When I first set out to start my own app business, I figured it would require a few basic things:  a business plan, developers, an alpha version, and then lots of angel and/or VC money to make it all come together.  But, this week has really made me realize that I was very wrong.  Let’s take a look the “why” for each area.

  1. Biz plan:  In my years in the Bay Area, I’ve come to be highly suspect of any business plan, especially the revenue projections.  Moving to Hawaii and working with some non-Bay Area companies has only reinforced my belief that business plans are akin to resumes for businesses: slightly inflated at best, outright lies and fabrications at worst.  Business plan financials are notoriously inflated, because unless they show a billion-dollar market opportunity, they are worthless to VCs.  So, every business plan creator then fabricates that billion-dollar opportunity out of thin air (and Gartner reports).  It’s one of the many dirty little secrets of startups: everyone knows that it’s a lie, but everyone just goes along with it.  (In place of a biz plan, I created a simple, three-page “concept document” to pass around for feedback.)

    Swimming In The iPool (cc JD Hancock)
    Swimming In The iPool (cc JD Hancock)
  2. Developers:  I wish that I could code.  I wish that I could create some whiz-bang app that used your GPS coordinates to tell you the optimal inflation for your mountain bike tires, or could use a photo from my phone to tell me if that slice of bread is bad before I make toast with it.  I wish that I could take all of my ideas for the next killer app and make it a reality that same evening.  Sadly, I’m limited to Google’s App Inventor (yes, I’ve already created my very own “whack-a-mole” app), WordPress (you’re looking at it right now – and you’ll see a different version if you visit this page with your mobile phone), and have just been introduced to Jquery Mobile.  What does that mean?  Well, the combination of these three (plus others, like Mobile Roadie and this list), make it easy for anyone with some basic knowledge of code to create at least a nice alpha version of any mobile app and at best a fully functional product.
  3. Alpha Version:  Ah, the all-important alpha version: creationism.  Sure, it might not actually process credit card payments or use the stars for navigation, but it will give you the ability to give a great demo and introduce your app concept to friends, partners, and potential users/customers.  Using Jquery, it took me about one day to create my first mobile web app – mostly functional!  I made a “Call Now” button fire off the phone’s dialer.  I used coordinates to create a “Map It” button that opens Google Maps’ navigation tool.  And, it all looks pretty darn nice, if I must say.  That’s amazing, and significantly delayed my need to pay real money to real developers.  Sure, I’ll need great developers very soon, but it’s amazing what can be accomplished easily and free these days.
  4. VC mondy:  How much have I spent so far?  Well, not counting my own time and Starbucks purchases, I’ve pretty much spent zero dollars and have a “real” version of my concept app that I can show to everyone.  It doesn’t cover the full breadth of my concept, but it gets the point across and does it much better than me saying, over and over, “Imagine if you had this on your mobile phone…”  Now, I can show them what I mean, and get exponentially more valuable feedback, ideas, and direction.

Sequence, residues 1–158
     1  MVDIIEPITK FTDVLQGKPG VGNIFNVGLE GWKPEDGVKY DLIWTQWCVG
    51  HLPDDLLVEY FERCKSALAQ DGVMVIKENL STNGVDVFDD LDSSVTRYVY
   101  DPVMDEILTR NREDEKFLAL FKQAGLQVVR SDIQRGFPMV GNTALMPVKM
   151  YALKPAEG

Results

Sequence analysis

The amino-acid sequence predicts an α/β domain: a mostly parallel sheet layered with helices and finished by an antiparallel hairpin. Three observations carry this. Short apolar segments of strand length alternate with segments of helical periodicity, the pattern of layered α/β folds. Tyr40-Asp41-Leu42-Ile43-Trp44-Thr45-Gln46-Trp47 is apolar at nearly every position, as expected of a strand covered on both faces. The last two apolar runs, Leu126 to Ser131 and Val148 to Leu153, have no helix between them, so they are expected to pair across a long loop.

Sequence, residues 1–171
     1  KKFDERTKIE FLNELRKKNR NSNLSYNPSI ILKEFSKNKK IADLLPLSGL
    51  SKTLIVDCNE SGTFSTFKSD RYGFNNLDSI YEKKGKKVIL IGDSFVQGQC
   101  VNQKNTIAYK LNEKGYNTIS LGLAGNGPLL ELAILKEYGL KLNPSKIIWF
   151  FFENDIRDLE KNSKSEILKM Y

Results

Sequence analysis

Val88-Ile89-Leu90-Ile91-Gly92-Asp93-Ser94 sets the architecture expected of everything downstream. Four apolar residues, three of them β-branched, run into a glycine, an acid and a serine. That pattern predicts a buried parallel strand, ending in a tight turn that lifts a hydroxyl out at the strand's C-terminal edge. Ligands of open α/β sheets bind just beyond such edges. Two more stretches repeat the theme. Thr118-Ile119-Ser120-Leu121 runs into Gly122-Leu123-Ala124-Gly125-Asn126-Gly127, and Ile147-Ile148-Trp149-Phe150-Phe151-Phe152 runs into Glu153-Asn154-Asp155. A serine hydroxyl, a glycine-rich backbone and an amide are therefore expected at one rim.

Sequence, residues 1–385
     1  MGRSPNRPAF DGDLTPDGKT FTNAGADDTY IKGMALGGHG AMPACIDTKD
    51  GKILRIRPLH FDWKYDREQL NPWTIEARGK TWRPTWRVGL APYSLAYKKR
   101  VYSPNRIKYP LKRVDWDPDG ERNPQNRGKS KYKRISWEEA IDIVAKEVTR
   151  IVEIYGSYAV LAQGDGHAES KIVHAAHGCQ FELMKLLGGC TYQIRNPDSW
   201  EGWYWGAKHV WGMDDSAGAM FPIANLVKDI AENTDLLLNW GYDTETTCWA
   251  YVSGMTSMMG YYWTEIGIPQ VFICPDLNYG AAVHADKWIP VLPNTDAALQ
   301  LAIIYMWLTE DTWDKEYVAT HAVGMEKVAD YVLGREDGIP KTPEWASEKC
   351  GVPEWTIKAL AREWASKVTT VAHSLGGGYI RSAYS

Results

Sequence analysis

So, why do I even need VC money?  Last fall, I watched this video by Jason Fried.  One of his points that resonated with me was around taking outside investment:  once you take that money, you’re focused on spending it, not on actually making money.  It was a great point, and I’ve seen that happen countless times in Bay Area startups.  Get $X million, spend it like you’re already making millions in revenue, then scramble for your next round of funding when you realize that you aren’t pulling in the revenue for which you set expectations in your business plan (see #1 above).  I also recently met with a friend who has had success in numerous startups, large and small.  When I mentioned looking for some angel funding, he was almost offended.  Why would I want that false sense of security, he asked.  Why would I plow money into development, or marketing, that wouldn’t be sustainable after the money ran out?  Why would I take seed money at a fictitious valuation, which then requires a valuation increase for Series A, which then requires an inflated valuation for Series B, and so on?  Why would I want to dilute my potential?  (Of course, I can see many reasons to actually take outside investment, like the expertise provided by the advisors, to enter new markets, or to expand a proven model.)

Bottom Line

In the few short weeks that I’ve been at this, I’ve talked with a bunch of developers (CA, HI, Mexico, and India), a few VCs, and a ton of friends and colleagues.  While 100% of the feedback has been valuable, only about half of it has been positive.  In most cases, I tend to agree when they point out flaws, challenges, and competing products.  It helps me to hone my pitch and focus my concept.  It makes me better at what I’m doing, gives me a thousand more ideas, and helps me to really figure out how to make this work.

Yeah, I’ll probably need VC money to make this work.  But, I’ll never get tired of reading the stories about successful entrepreneurs recounting the dozens and dozens of people who told them, “That’ll never work.”  On the VC side, I just hope I don’t have to plow through 298 more rejections before I reach the level of Pandora…

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